Saturday, September 13, 2014

Another Way to Set White Balance

White balance (WB).

One of those little "get it right in camera" things that separates the novice from the experienced.  And, I know, if you shoot RAW you can adjust it later (use the WB eyedropper to click on something neutral, preferably a grey card in your first frame if available).  But that can be a lot of work later, and, if you happen to have nothing neutral in the frame, can be persnickity, anyway.

I recently stumbled upon a new way to set white balance that I thought I'd share.  Like everything photography, I'm sure some of you already know this one, but I've never heard of anyone talking about it, so.....

If you choose to set your white balance while shooting (highly recommended), there are several ways to go about it.  Some rely on Auto White Balance (AWB).  Fine in a pinch, but often a bit unreliable, especially on a frame to frame basis.  Many cameras will give you presets for Sunlight, Cloudy, Shade, Tungsten light, and one or more fluorescent settings.

There are also usually options for custom white balance as well as setting the temperature by the Kelvin scale.  With custom white balance, you shoot something neutral (white or grey -- preferably a perfect 18% grey -- like a photographic grey card) in the ambient or flash light that will be visible in your upcoming shots.  Then you choose the picture you've just taken as the reference for the camera to set WB.  But what if you left the grey card elsewhere and nothing is neutral?  Or pop an Expodisk over your lens to get your reference.

All good ways that certainly work most of the time.  Kid tested, mother approved.

Lately I've been using the Kelvin scale.  I make an educated guess about the proper temperature to use or set it somewhere around 5000 and take a test shot.  Too warm, I crank it down.  Too cool, crank it up.  Take another test shot.  By this time I'm pretty close.  Rinse, repeat, etc until I've nailed it.

I just found a way to get to the proper number just a little bit quicker if your camera has an option for in-camera RAW processing. First, take a picture in the light you'll be working in, whether that be ambient or with flash, at or near the proper exposure for your scene.  Then, from your menu, find an option for Raw Image Processing -- that's what my Canon 6D calls it. Your last image will pop up -- hit "set". Now Raw editing tools come up.  Use the toggle to work down to the WB option. Scroll through to the Kelvin option and turn that dial until the image looks just right.  Now make a note as to that exact Kelvin number.  Say it's 3600.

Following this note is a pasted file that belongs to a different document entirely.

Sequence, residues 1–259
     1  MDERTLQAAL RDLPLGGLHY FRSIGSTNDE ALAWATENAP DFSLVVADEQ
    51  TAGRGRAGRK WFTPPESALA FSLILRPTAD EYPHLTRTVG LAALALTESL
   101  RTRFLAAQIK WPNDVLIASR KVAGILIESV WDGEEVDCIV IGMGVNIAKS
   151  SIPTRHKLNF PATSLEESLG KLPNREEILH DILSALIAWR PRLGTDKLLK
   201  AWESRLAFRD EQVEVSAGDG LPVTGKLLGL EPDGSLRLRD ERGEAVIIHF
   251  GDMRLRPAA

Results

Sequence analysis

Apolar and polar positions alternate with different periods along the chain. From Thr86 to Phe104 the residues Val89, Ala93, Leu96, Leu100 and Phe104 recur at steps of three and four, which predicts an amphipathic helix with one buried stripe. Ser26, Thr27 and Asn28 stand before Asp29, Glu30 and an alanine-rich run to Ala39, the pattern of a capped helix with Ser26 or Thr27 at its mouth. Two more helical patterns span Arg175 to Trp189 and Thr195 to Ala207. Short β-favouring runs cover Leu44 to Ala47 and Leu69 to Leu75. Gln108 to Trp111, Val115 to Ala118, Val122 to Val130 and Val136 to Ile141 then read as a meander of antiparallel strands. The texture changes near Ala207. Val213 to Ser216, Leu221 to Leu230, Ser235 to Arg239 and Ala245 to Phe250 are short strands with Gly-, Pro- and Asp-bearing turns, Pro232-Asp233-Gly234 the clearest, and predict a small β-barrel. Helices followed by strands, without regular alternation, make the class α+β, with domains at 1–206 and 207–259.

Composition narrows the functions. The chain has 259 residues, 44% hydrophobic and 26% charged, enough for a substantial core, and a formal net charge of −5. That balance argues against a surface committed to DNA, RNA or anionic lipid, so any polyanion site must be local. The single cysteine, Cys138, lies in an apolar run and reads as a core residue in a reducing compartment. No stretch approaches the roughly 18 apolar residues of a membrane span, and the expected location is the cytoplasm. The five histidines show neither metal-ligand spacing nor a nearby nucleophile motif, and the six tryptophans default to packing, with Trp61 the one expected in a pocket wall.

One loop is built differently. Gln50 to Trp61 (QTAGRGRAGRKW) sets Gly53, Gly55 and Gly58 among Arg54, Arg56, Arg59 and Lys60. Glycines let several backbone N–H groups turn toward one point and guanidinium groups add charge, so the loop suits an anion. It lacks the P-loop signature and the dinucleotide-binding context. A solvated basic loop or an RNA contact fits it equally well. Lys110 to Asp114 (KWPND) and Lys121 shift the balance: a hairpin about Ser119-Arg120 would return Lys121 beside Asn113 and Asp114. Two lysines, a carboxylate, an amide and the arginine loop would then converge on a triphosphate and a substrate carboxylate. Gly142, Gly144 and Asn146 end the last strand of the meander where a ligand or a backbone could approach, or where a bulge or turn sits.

Now back out, go to the regular menu area for setting the WB.  Again select the Kelvin option.  Dial in that number that looked so great a moment ago (in our example 3600).  And voila!  You're ready to shoot until the lighting situation changes.

While this isn't as fast as an Expodisk or grey card, it's a terrific option if those items are unavailable or if they aren't quite getting you to the exact look you prefer (sometimes a TRUE white balancing can be less than appealing if you are in multi-colored lights, say at a concert, or sitting around a campfire, where a certain orange cast is necessary to evoke the correct mood.

I'd be very interested if any else out there is using this technique or if you have another method to set your WB that I didn't mention.

Eager to hear from you!   ~R

Addendum:  Based on discussions with other photographers, some variations came up.  First and foremost, when working in strictly ambient light, you can adjust K live and on the fly by going into livemode.  From there you should be able to access the K adjustment (exactly how/where depends on camera) and dial in a color while watching live how it affects the image.  For straight-up ambient, this is certainly the fastest and truest.

If using flash that overpowers ambient, simply set to the Flash color setting.  However if the flash mixes with ambient, gel the flash to match ambient, usually with 1/4 or 1/2 CTO (color temperature orange gel).  For this method several of the above methods will work, including the onboard RAW processing method.

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